I chose the date of January 2nd 2013 and at 8am on that morning my husband and I arrived at the hospital. I was given a gown, told not eat and I waited for my slot.  I waited all day until 5pm when I was to go home and return the next day.  The lady who’s slot was before mine had given birth to twins but suffered complications on the operating table.  I couldn’t stop thinking about that poor woman all night.  I didn’t sleep.

When we arrived at the hospital the next morning I sat in the chair while my husband checked us in.  I had been breathless all night and by the time I was shown to the ward, I couldn’t move out of the chair.  I had gone into labour naturally.  I was taken in again for another emergency C-Section.

It was a totally different experience.  I was awake. I knew what was happening. I could communicate.  I remember thinking that the surgery room looked as it does on TV and that the lights were really bright.

The blue screen went up and the doctors started work. The pulling and prodding began and shortly after one of the doctors announced “its a boy!!” but there was no cry.  I was devastated.  That few seconds felt like centuries.  All of a sudden he let out a belting scream but calmed as he was immediately placed on my chest.  Our new baby was born, all 9lbs 2oz of him.  He was safe.  He was ALIVE.  His arrival into the world completed our little family and it couldn’t have been more perfect!

I now have two babies and one scar.  A very small scar that proves I gave birth to two huge, healthy children.  A scar that proves I endured two of the most harrowing yet beautiful experiences of my life.  A scar that proves I have such an immeasurable amount of love for my children, too much to be concerned about a scar!

Women out there questioning if their entrance into the motherhood club is valid because they had a C-Section need to take a long hard look at what they endured and what they produced!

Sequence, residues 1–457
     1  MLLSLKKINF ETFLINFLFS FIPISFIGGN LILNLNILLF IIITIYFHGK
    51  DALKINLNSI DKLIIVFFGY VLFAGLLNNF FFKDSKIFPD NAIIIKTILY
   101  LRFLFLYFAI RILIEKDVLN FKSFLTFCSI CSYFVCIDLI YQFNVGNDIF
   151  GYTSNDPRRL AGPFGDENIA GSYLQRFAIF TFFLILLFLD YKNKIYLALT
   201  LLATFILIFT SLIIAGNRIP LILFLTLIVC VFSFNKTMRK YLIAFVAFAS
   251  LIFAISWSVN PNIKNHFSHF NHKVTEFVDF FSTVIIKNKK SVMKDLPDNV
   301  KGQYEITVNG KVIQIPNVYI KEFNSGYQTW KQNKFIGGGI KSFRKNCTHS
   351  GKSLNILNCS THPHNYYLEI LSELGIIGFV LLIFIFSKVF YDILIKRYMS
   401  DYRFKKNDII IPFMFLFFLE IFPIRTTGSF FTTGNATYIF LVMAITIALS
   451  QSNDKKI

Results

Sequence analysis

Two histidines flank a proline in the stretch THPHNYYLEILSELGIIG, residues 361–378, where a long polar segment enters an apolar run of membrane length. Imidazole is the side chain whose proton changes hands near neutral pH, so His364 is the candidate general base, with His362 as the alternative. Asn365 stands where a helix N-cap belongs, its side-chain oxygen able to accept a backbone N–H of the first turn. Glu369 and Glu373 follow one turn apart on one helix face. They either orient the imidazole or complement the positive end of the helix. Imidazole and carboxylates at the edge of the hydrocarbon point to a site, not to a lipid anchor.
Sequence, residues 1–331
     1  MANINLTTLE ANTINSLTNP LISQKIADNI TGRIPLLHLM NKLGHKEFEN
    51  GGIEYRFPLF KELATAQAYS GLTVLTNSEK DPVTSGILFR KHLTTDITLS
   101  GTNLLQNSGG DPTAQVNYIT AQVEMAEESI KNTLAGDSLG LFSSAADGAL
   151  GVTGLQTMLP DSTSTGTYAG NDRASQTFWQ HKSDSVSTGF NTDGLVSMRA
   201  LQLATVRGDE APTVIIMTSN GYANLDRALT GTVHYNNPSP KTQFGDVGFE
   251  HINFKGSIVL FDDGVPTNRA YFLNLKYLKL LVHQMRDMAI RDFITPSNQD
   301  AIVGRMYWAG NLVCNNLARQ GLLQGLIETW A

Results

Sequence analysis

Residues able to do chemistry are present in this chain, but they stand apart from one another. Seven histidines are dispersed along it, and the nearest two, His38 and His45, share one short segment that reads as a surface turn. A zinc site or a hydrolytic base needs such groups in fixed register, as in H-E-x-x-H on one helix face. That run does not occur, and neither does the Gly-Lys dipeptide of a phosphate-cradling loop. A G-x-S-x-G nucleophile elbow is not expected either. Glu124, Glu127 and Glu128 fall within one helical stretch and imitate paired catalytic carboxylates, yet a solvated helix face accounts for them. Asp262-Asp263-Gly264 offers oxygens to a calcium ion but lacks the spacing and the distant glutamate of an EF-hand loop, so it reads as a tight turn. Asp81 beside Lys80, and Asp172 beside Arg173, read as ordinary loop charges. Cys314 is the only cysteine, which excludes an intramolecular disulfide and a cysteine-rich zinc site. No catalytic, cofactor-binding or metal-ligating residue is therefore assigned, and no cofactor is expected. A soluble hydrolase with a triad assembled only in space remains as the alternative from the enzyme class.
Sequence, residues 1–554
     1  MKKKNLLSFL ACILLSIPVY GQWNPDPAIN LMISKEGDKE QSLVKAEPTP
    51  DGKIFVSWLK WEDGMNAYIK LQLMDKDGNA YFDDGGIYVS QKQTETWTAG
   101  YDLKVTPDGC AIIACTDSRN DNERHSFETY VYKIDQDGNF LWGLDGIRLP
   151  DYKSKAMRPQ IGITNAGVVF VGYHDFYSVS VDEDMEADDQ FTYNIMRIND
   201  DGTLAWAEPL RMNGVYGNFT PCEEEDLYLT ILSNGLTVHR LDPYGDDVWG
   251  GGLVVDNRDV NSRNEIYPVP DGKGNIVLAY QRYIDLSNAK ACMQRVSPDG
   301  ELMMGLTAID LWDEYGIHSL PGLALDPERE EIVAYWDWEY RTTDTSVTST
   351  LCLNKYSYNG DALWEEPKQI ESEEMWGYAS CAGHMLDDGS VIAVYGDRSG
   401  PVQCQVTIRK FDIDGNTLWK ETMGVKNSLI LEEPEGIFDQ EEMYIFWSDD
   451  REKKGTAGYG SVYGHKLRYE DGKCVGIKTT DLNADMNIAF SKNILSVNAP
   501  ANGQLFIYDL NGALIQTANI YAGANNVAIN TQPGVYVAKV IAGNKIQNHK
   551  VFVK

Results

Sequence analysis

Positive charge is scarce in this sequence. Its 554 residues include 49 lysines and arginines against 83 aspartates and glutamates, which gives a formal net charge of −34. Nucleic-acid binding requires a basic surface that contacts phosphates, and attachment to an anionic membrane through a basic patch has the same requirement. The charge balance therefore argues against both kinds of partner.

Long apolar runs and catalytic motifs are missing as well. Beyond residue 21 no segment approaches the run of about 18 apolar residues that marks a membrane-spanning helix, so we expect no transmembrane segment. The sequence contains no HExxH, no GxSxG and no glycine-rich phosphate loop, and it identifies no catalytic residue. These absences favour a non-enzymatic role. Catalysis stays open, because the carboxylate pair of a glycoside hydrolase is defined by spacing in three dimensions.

Be grateful! Grateful that YOU are safe and well, grateful that your baby is safe and well.  I cherish my two experiences and I love my scar.  My children love my scar. They love the stories of how that scar kept them safe inside and how it allowed them to come out to me. I would have chopped my right leg off if it meant my children we born into this world safely!  C-Section is a means to a perfect and beautiful end.  It signifies the arrival of your baby and the start to a beautiful new chapter in life.

I might have wanted the natural pool birth in the beginning but I wouldn’t change a thing now.  It’s the story of how my children were born, how they entered this world and how they immediately changed my life!

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Giving birth is a blessed thing.  The deliverance of a healthy child is the most important factor, not how that child came out.  We shouldn’t be made to feel inferior because we didn’t endure 45 hours of excruciating pain and 70 stitches from back to front!  Nor should we be made to feel inferior because we didn’t go into labour ward naturally at 10am and come out at 10.05am,no pain relief and make up still intact!

These amazing photos show how C-Section births are not worse or better than vaginal births, they’re just different and they are equally as beautiful and important.

C-sections are a way to give birth.  There is just as much pain and the end result is the same.  I stand tall.  I’m proud of my sections, proud  of my children and proud of the scar!

 

 

 

0 comments

  1. crazy grad mama

    LOVE this! I must admit, I read the title and got worried that you were going to be saying something anger-inducing, but no, you are spot on.

    Reply

    1. KellyAnn Schiavo

      Ha! That was my point in the title, to hook you in 🙂
      Thank you for your comment. It’s a subject I’m very passionate about so either makes my blood boil and/or breaks my heart to hear women putting themselves down because they didn’t give birth “naturally”.

      Reply